TAMPA, Fla.--(BUSINESS WIRE)--Humana
Inc. (NYSE: HUM) announced today that the Florida
Agency for Health Care Administration (AHCA) has selected Humana to
participate in its managed Long-Term Care program for Medicaid
recipients in 10 Florida counties, including South Florida, Northeast
Florida and Daytona Beach. The state contract term is for five years.
Humana will partner with the state to provide quality, long-term care
services to eligible Florida Medicaid recipients in three regions,
leveraging its innovative and integrated delivery system. Those regions
South Florida (Dade, Broward and Monroe counties)
Northeast Florida (Baker, Clay, Duval, Flagler, Nassau and St. Johns
Daytona Beach (Volusia County)
The Florida long-term care program’s enrollment period for eligible
Florida Medicaid recipients begins this August and will phase in by
region through March 1, 2014. The Medicaid recipients in this new
Florida managed care program are primarily seniors and persons over the
age of 18 with disabilities who need nursing facility level of care.
“We’re excited to bring Humana’s integrated care delivery model to
long-term care in Florida,” said Humana Retail Segment President Tom
Liston, “and provide recipients with coordinated, quality and
cost-effective care. This state award reflects Humana’s goal to improve
the health and well-being of our members by delivering expanded
offerings that focus on wellness, nutrition and aging with grace.”
Humana currently serves approximately 50,000 Medicaid members in South
Florida and has provided Medicaid benefits to Floridians since 1998.
This news release includes forward-looking statements within the meaning
of the Private Securities Litigation Reform Act of 1995. When used in
investor presentations, press releases, Securities and Exchange
Commission (SEC) filings, and in oral statements made by or with the
approval of one of Humana’s executive officers, the words or phrases
like “expects,” “anticipates,” “intends,” “likely will result,”
“estimates,” “projects” or variations of such words and similar
expressions are intended to identify such forward-looking statements.
These forward-looking statements are not guarantees of future
performance and are subject to risks, uncertainties, and assumptions,
including, among other things, information set forth in the “Risk
Factors” section of Humana’s SEC filings, as well as the other
information that Humana may provide with respect to the pending merger,
a summary of which includes but is not limited to the following:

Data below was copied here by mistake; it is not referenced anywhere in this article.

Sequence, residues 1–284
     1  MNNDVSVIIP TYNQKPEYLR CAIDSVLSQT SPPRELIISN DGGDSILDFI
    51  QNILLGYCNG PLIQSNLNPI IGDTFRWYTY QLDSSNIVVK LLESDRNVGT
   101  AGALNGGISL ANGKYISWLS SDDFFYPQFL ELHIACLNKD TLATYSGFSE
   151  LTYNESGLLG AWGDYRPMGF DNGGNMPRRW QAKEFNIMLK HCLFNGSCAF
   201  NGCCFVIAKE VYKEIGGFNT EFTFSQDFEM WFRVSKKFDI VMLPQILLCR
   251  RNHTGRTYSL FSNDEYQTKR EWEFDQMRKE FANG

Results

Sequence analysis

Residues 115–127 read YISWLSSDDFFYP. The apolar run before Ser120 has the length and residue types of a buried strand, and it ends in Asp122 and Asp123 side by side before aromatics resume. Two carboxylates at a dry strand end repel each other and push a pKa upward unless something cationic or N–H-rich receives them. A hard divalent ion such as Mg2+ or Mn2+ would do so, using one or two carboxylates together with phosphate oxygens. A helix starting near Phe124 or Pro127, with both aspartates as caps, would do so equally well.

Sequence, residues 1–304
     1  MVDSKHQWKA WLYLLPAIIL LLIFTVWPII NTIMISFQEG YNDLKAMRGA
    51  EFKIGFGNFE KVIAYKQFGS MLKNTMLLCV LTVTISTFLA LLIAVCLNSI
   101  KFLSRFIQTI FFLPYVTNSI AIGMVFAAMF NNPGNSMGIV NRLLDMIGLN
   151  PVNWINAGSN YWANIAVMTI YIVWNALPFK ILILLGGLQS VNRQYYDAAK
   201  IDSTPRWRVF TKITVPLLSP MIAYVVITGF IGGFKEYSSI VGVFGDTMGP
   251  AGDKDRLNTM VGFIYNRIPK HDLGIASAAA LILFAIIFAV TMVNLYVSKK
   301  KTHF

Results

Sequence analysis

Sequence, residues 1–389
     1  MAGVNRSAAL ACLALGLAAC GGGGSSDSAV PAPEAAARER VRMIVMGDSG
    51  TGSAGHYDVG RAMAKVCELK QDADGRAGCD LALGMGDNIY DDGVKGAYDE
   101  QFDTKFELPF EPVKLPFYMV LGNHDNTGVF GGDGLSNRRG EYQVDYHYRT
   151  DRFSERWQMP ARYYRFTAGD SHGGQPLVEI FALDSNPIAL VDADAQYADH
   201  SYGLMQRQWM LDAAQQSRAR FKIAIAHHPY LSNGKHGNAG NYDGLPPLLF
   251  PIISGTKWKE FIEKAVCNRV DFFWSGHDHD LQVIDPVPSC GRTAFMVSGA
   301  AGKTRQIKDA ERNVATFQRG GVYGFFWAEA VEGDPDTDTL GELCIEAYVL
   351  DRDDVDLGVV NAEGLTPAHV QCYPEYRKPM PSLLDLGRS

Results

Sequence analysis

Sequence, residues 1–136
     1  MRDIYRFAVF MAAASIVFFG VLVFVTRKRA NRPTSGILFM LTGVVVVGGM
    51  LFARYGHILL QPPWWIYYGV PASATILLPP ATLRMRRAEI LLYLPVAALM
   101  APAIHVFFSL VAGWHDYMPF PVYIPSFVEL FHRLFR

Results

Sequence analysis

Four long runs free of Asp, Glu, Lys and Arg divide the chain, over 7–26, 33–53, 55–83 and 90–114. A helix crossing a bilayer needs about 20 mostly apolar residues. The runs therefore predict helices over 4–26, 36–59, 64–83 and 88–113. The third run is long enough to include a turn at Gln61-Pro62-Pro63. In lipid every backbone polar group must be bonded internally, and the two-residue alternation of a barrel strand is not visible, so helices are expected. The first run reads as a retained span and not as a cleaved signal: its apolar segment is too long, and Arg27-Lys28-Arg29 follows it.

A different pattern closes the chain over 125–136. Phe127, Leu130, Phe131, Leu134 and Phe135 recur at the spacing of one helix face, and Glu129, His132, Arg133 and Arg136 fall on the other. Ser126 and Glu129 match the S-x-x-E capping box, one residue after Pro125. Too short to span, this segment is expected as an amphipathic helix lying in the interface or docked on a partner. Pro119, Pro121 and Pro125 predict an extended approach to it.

If Humana does not design and price its products properly and
competitively, if the premiums Humana charges are insufficient to
cover the cost of health care services delivered to its members, if
the company is unable to implement clinical initiatives to provide a
better health care experience for its members, lower costs and
appropriately document the risk profile of its members, or if its
estimates of benefit expenses are inadequate, Humana’s profitability
could be materially adversely affected. Humana estimates the costs of
its benefit expense payments, and designs and prices its products
accordingly, using actuarial methods and assumptions based upon, among
other relevant factors, claim payment patterns, medical cost
inflation, and historical developments such as claim inventory levels
and claim receipt patterns. These estimates, however, involve
extensive judgment, and have considerable inherent variability because
they are extremely sensitive to changes in payment patterns and
medical cost trends.
If Humana fails to effectively implement its operational and strategic
initiatives, including its Medicare initiatives, the company’s
business may be materially adversely affected, which is of particular
importance given the concentration of the company’s revenues in the
If Humana fails to properly maintain the integrity of its data, to
strategically implement new information systems, to protect Humana’s
proprietary rights to its systems, or to defend against cyber-security
attacks, the company’s business may be materially adversely affected.
Humana’s business may be materially adversely impacted by CMS’s
adoption of a new coding set for diagnoses.
Humana is involved in various legal actions and governmental and
internal investigations, including without limitation, an ongoing
internal investigation and litigation and government requests for
information related to certain aspects of its Florida subsidiary
operations, any of which, if resolved unfavorably to the company,
could result in substantial monetary damages. Increased litigation and
negative publicity could increase the company’s cost of doing business.
As a government contractor, Humana is exposed to risks that may
materially adversely affect its business or its willingness or ability
to participate in government health care programs.
Recently enacted health insurance reform, including The Patient
Protection and Affordable Care Act and The Health Care and Education
Reconciliation Act of 2010, could have a material adverse effect on